GardenShare

GardenShare

Monday, March 16, 2015

Thinking about spring planting?

Can You Use Out-of-Date Seeds?
The simple answer is yes! No harm will come from using old seeds. The question is not so much about whether or not to use old seeds but rather your chances of germinating old seeds. Old seeds may take longer to grow flowers and/or fruit.
The flowers or fruit that come from out-of-date seeds will be of the same quality as if they were grown from fresh seeds. Using old vegetable seeds will produce vegetables that are just as nutritious as those from current season seeds.

How Long Will Old Seeds Stay Viable?
In order for a seed to germinate, it must be viable or alive. All seeds are alive when they come from their mother plant. Three major things affect a seed’s viability:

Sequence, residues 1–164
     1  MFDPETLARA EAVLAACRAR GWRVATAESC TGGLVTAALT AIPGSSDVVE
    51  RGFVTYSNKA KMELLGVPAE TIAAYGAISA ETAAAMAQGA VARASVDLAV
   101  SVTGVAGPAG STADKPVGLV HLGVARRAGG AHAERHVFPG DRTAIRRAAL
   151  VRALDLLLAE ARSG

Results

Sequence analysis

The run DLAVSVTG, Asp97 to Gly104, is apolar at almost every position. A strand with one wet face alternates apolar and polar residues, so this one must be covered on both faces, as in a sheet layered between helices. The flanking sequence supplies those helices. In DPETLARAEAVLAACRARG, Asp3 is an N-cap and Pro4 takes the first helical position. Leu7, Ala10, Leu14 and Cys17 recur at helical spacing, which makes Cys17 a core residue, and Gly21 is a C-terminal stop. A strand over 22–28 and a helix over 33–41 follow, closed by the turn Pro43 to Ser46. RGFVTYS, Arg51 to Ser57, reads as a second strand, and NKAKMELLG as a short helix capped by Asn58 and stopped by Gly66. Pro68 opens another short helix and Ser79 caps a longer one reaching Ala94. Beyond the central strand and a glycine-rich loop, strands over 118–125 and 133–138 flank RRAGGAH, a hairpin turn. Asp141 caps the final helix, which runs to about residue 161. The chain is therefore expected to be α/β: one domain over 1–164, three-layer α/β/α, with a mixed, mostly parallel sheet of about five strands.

1. Age: All seeds stay viable for at least one year and most will be viable for two years. After the first year, germination rates for out-of-date seeds start to fall.
  2. Type: The type of seed can affect how long it stays viable. Corn or pepper seeds will have a hard time surviving past the two year mark. Bean, pea, tomato, and carrot seeds can all stay viable up to four years while cucumber and lettuce seeds can last as long as six years.
  3. Storage conditions: Your old vegetable and flower seed packets will last longer if they are stored in a cool, dark place. Your produce drawer in the refrigerator is a good choice for storage!
Regardless of the date on your seed packet, germinating old seeds is worth a shot. Using old seeds is a great way to empty out those half-used seed packets that tend to accumulate from year to year!